Organic anions are able to enter renal tubular cells from the ECF via the dicarboxylate-organic anion exchanger. This entry of anions is coupled with a sodium-dicarboxylate (a-ketoglutarate [a-KG]) exchanger that moves dicarboxy-lates outwards. The process is driven by an inward sodium gradient established by a sodium-potassium ATPase. Ionic compounds such as para-aminohippurate (PAH) and ben-zylpenicillin are substrates for the organic anion transporter (OAT) systems in the proximal renal tubular cells. OAT1 and ROAT1 have been cloned in rats and appear to function as organic anion/dicarboxylate exchangers. PAH (organic anion)-dicarboxy late exchangers have yet to be fully understood in humans, but three cDNAs (complementary DNAs) have been cloned that code for human kidney proteins: OAT1 subtype 1, OAT3 , and ROAT1 (also called para-aminohippurate transporter [PAHT] or OAT1 subtype 2). buy levaquin online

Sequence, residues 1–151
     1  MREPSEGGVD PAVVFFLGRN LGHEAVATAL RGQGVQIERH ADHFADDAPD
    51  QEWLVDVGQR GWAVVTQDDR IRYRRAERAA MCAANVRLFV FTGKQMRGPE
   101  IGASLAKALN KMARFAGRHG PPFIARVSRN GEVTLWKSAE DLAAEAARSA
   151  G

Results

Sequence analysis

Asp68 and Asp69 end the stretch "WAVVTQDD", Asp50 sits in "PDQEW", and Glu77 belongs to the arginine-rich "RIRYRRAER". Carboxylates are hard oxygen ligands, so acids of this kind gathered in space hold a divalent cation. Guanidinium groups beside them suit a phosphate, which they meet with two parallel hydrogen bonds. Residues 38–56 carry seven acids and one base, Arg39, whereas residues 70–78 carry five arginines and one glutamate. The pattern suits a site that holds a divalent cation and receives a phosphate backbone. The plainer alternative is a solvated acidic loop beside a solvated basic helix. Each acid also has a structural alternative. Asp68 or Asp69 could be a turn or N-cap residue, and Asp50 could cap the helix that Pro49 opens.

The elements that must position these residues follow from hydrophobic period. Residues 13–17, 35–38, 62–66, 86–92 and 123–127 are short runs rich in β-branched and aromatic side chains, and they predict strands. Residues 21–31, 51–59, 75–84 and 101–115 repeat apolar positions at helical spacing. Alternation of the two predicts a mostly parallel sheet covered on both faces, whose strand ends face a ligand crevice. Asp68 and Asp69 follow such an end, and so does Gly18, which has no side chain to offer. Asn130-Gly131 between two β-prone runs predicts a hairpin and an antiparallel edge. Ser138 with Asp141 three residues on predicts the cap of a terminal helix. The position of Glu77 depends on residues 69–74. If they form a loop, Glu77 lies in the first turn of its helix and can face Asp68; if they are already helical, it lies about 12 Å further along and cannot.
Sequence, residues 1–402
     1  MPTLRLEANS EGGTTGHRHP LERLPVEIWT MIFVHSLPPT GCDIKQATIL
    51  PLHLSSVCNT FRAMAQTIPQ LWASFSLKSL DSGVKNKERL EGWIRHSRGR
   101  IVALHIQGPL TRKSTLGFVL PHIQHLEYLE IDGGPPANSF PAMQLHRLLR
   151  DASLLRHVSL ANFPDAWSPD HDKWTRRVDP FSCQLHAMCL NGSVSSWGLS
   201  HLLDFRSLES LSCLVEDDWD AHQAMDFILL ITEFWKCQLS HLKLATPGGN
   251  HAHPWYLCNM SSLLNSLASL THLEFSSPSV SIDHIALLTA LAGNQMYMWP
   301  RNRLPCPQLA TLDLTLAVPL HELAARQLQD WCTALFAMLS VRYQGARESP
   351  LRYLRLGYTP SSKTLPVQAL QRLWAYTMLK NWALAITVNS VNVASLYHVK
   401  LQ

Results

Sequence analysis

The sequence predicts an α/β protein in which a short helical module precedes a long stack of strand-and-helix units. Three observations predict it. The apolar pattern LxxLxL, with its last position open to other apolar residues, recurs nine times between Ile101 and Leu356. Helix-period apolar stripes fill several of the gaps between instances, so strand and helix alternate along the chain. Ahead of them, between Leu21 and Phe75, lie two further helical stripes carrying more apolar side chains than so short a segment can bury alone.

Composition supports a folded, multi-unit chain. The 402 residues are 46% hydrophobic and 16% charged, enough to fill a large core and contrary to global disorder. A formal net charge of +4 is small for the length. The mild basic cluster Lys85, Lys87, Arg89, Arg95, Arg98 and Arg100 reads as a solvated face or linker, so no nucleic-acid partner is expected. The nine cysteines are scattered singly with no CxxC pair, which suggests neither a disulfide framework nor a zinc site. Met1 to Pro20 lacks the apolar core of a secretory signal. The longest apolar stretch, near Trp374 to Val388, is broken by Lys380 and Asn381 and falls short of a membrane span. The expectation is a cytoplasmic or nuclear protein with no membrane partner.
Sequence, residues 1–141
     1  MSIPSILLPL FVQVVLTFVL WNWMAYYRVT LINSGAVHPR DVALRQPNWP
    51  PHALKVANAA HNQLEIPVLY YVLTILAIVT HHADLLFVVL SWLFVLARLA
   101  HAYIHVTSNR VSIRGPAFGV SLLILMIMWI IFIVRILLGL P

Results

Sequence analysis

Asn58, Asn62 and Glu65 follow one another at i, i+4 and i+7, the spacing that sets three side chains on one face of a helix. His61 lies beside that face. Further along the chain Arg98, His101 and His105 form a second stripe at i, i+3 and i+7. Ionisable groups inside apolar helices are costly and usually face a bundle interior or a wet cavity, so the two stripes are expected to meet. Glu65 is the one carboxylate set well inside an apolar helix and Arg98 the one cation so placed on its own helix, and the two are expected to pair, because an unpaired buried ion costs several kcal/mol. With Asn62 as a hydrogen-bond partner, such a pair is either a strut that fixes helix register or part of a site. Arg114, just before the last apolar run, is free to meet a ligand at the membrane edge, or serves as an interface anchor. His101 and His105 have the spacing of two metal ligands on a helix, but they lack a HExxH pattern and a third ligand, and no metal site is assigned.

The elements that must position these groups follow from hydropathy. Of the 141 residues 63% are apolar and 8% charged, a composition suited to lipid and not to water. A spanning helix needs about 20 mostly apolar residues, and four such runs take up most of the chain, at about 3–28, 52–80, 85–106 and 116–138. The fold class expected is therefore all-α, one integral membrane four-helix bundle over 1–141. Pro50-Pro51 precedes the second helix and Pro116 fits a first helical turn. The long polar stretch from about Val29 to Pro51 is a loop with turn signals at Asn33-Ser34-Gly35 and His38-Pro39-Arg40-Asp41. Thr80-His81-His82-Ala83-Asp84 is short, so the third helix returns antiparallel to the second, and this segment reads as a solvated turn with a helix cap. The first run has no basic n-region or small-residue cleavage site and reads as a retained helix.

Transporters at the apical (brush border) membrane The apical membrane is on the luminal side of the tubular cell and thus is in contact with urine. At the luminal membrane, organic cations are exchanged with protons from the urine by transporters such as OCTN1 or OCTN2. While OCTN2 is coupled with sodium-independent OAT there also appears to be a sodium-dependent high affinity carnitine transport function. Protons for these exchangers are supplied by an Na+/H+ antiporter and hydrogen-ATPases. Organic anions that have been exchanged with dicarboxylic acid at the basal membranes are believed to be excreted into urine by two postulated mechanisms. Either a potential-sensitive facilitated diffusion system or a hydroxyl ion exchanger may lead to organic anion elimination. Such a hydroxyl exchange pump is believed to be coded by the gene OATP. While a variety of apical anion transport proteins have been cloned, their functions are not well understood. Peptide transporters (PEPTs) involved in the absorption of oligopeptides are also expressed in the apical membrane.